Some residents of Kano State on Sunday took to the street following the announcement of the former Governor of Central Bank of Nigeria, Sanusi Lamido Sanusi, as the Emir of Kano State.
*The Emir Of Kano, Sanusi Lamido Sanusi
A witness said the aggrieved residents at the Kofar Kudu area of the state, near the Emir’s palace started the riot as Sanusi was announced the successor to late Alhaji Ado Bayero.
He said the residents of the neighbouring streets trooped out to the palace area in opposition to the choice, shouting “Ba muso, ba muso”, meaning, “We don’t want, we don’t want” in apparent reference to the choice of Sanusi by the state government.
According to him, the angry residents set tyres on fire, mounted road blocks and started throwing stones at passing vehicles.
He said the situation was, however, quelled by the swift arrival of a detachment of police officers, Civil Defence officials as well as members of the state Hisbah.
Despite the reactions from residents, the state government in a statement issued on Sunday by its secretary, Suleiman Bichi, insisted that: “The state government received their recommendations and Allah has conferred on Sanusi Lamido Sanusi, the former governor of the central bank, (the post of) the successor to the late emir”.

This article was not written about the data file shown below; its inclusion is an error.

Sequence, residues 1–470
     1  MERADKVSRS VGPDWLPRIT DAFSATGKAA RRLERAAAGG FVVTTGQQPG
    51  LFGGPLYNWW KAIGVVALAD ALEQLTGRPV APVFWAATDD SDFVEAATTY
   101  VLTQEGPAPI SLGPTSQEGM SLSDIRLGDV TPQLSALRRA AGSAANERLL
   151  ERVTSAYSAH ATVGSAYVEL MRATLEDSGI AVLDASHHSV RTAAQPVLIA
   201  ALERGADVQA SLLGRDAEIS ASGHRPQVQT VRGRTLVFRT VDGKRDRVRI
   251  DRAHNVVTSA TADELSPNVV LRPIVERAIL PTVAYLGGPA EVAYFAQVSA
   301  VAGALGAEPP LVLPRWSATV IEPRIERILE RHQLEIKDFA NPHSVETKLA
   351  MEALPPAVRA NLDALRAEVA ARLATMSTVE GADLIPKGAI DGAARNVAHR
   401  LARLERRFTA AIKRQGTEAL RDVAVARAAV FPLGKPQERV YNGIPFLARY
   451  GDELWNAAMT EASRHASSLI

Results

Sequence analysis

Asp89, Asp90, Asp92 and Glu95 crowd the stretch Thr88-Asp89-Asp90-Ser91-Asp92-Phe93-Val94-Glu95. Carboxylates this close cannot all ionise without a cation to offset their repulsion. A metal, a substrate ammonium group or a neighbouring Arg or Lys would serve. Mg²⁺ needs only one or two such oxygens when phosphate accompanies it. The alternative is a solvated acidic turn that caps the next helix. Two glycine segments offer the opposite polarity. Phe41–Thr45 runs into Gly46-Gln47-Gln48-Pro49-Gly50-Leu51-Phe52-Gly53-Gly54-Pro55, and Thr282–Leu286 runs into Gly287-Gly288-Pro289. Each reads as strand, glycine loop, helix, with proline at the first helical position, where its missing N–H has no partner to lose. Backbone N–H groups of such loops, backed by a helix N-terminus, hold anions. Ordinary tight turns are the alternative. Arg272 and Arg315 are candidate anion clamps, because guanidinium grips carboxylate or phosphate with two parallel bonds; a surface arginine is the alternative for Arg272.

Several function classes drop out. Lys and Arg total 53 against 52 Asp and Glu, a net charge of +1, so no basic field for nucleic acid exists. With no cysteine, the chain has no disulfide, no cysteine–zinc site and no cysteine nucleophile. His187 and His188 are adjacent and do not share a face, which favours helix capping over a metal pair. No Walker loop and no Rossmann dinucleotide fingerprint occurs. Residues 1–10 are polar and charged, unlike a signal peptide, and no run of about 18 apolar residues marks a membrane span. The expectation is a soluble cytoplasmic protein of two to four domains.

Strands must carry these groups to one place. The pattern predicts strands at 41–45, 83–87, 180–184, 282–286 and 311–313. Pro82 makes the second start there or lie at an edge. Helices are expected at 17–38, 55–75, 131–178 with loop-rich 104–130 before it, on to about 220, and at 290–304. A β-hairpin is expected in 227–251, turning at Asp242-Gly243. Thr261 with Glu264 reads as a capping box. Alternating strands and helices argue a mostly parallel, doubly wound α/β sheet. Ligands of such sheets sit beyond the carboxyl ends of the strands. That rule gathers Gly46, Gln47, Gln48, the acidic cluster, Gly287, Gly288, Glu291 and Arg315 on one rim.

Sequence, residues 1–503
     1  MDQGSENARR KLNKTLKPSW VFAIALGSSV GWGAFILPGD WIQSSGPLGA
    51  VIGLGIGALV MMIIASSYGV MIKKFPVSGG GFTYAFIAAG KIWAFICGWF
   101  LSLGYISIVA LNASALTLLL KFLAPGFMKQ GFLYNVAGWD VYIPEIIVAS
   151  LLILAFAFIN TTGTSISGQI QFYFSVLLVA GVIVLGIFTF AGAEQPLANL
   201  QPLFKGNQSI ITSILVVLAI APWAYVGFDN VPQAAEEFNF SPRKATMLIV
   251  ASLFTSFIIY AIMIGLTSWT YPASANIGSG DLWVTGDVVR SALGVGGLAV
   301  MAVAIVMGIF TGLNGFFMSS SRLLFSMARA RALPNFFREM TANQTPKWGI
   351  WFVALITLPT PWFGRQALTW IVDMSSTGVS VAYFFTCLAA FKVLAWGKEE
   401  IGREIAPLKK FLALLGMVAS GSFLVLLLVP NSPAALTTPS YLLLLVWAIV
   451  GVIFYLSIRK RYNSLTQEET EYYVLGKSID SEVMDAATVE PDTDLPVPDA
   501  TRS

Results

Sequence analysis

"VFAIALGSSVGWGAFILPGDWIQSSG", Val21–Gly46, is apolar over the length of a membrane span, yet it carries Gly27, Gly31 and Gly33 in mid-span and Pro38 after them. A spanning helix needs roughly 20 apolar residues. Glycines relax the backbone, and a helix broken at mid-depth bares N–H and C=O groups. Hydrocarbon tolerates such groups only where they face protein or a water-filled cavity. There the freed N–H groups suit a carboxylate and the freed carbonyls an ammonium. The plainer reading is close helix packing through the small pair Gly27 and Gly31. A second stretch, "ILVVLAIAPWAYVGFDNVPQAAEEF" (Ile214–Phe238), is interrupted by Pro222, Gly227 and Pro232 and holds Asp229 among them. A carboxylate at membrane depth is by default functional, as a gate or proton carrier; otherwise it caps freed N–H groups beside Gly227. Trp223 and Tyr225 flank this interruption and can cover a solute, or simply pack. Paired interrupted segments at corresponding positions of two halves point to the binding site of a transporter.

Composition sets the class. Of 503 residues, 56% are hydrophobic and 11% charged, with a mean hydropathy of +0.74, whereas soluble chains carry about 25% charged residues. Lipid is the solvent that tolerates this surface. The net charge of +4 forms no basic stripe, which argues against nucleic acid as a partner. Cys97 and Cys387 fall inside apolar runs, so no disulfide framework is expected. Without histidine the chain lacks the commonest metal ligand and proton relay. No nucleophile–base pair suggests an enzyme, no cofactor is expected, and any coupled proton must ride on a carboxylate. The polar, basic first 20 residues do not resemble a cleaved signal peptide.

The appointment was announced at the state government headquarters in the northern city in the presence of the four so-called “kingmakers” — royal officials who meet in closed session to decide on the succession.The kingmakers considered a number of names and put them forward to the state government for approval.
Sanusi had been tipped to be in the running, as he is the grandson of the late emir’s brother, who had a short-lived reign in the 1960s.
His appointment to the distinguished role comes after a turbulent few months in which he has fought court cases against his suspension and mounted a legal challenge against the confiscation of his passport.
The Emir of Kano is the second most-influential of Nigeria’s triumvirate of Muslim leaders: at the top is the Sultan of Sokoto and number three is the Shehu of Borno.
All three traditional Muslim monarchs are custodians of Islam and lead clerics in their areas. They have also been seen as key figures bridging the often fractious divide between Muslims and Christians in Nigeria.
But they have recently come under pressure to speak out more against the threat posed by the radical Islamist sect, Boko Haram who are currently waging an increasingly violent insurgency in the northern part of the country.
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